Published: 10:00, 26 March 2022
| Updated: 15:22, 28 March 2022
A school has apologised after being found to have breached the human rights of two students after repeatedly strapping them into special chairs to restrict their movements.
Five Acre Wood special school in Maidstone admitted to breaching its own policy and government guidance by using mechanical restraints on the autistic twins.
Kent County Council (KCC), which runs the school, has offered the parents of Samuel and Jacob Montague more than £80,000 in compensation after admitting multiple failings following a legal case.
The twins, who are both severely autistic and non-verbal, started at the school in 2009 aged four, with the intention that they would attend until age 19. They are now both 17.
However, their parents Annie and Mark removed them in 2013 after realising that staff were continually restraining the boys by strapping them into chairs despite numerous objections and protests.
The first public incident took place in 2010, when the boys were wheeled out at a school concert strapped into the 'Hardrock' chairs. The chairs restrain movement through a number of straps that go around legs, arms, and shoulders.
When their horrified parents protested to the school, they were told the use of the mechanical restraint chairs were the only way the boys could participate in such a concert and the incident was a one-off.
Despite this, the couple became concerned that Samuel and Jacob were being routinely restrained while at the school – in June 2011, a clinical psychologist visited and witnessed one of the boys strapped into the Hardrock chairs in the classroom.
The parents protested but the chairs continued to be used. On one occasion the boys’ mother and their carer attended a school sports day where other children were outside and running around. Jacob was strapped into the chair and visibly distressed.
The boys’ autism means they interpret the world through touch and movement, so the use of the chairs completely undermined their human rights, Mr and Mrs Montague said. After they took Samuel and Jacob out of the school, they home-schooled them and the boys have since flourished.
The couple brought a civil case under the Human Rights Act against KCC, saying the restraints had been used unlawfully because the school failed to consider less restrictive options and failed to put in place a plan to reduce the use of restraints.
The school admitted a raft of failings around the use of the chairs and the fact that they failed to even consider less restrictive options, as well as failing to record, report or monitor the use of the chairs.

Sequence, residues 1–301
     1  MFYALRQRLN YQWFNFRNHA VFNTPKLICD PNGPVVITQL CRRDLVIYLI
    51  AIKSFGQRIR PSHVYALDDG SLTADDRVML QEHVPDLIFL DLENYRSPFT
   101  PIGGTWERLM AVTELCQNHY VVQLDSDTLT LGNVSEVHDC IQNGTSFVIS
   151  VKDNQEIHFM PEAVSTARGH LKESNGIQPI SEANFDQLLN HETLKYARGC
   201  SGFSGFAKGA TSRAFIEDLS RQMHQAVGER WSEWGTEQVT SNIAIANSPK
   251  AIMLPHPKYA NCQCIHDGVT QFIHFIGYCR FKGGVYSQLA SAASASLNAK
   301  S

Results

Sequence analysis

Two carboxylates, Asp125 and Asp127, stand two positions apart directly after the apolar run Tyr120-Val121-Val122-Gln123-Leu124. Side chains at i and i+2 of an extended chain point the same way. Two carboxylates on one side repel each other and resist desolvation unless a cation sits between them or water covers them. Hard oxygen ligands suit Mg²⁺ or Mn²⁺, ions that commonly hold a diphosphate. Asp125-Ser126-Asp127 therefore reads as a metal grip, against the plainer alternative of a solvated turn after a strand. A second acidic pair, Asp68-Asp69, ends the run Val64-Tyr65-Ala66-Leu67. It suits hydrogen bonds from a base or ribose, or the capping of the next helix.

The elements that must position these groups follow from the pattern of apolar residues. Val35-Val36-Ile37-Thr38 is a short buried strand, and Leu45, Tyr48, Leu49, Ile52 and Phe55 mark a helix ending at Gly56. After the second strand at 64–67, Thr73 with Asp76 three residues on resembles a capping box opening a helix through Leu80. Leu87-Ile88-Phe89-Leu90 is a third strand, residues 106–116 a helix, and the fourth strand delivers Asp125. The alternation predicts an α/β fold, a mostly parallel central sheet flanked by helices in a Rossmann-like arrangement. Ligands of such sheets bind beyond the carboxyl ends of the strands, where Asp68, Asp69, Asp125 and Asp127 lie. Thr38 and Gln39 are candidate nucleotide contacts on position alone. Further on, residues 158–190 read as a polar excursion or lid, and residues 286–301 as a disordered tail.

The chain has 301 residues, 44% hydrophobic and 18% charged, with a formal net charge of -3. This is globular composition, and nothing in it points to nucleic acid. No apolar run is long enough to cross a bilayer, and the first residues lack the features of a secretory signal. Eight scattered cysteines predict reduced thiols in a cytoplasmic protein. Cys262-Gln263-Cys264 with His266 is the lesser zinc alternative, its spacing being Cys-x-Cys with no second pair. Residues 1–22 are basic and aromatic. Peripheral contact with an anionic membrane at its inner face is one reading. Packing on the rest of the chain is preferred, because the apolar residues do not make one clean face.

A KCC spokesman said: "We are deeply sorry for the experiences Samuel and Jacob and their parents suffered during their time at Five Acre Wood School some years ago. It is a matter of sincere regret that this occurred at all.
"Samuel and Jacob attended Five Acre Wood School between September 2009 and October 2013. After reviewing the needs of Samuel and Jacob, the Occupational Therapy service prescribed specialist chairs to them for therapeutic reasons. They also prescribed various safety accessories including lap and shoulder belts and lap trays.
"Between late March 2010 and 6 July 2012 the use of specialist chairs with lap and shoulder belts and/or trays took place intermittently when Samuel and Jacob were at school. On 6 July 2012 the use of these chairs was discussed at a meeting between the parents, the school and social services. At the meeting the parents asked the school to stop using the chairs. The school agreed.
"The chairs were never used for Samuel and Jacob after that date.
“The authority accepts that it owed a duty of care to take reasonable care to keep Samuel and Jacob reasonably safe whilst they were at the school. The use of these specialist chairs should always be agreed by a multi-disciplinary team in consultation with service users, their families and advocates, and recorded within an individual’s care or education plan.
"The Council sincerely apologises for any harm that was caused as a result of these failures"
"Regrettably this did not happen in Samuel and Jacob’s case. This was a breach of the school’s policy and the DfES guidance.
“The council sincerely apologises for any harm, distress and/or pain and suffering that was caused to Samuel and Jacob and to their parents as a result of these failures.
“We will be reinforcing existing guidance on the use of these specialist chairs in all our special schools in the county to ensure that they are being used appropriately to support children and young people to access learning.”
Mr and Mrs Montague are now calling for changes to the law to make it clearer that these restraints should not be used against children like Samuel and Jacob.
Following the settlement, they said: "We are so pleased that Samuel and Jacob’s cases have come to a successful conclusion, and that the local authority has finally admitted that it failed our sons.
"Children with special educational needs should be protected, not strapped into chairs. Mistreatment of children like Samuel and Jacob happens behind closed doors, and it is very difficult for parents to find the evidence to challenge it, or to bring a legal case."
Solicitor Catriona Rubens, who represented the Montague family, said: “Samuel and Jacob were active, sensory seeking children who, because of their autism, interpret the world through movement and touch.
"It is our view that, by strapping them into mechanical restraint chairs at school, the local authority breached their human rights and failed to deliver any therapeutic benefit to the twins.
"We welcome Kent County Council’s sincere apology and recognition that it failed Samuel and Jacob in this case.
"The success of Samuel and Jacob’s case is a testament to the many years their parents spent fighting to get answers from the local authority about the use of restraint against their sons."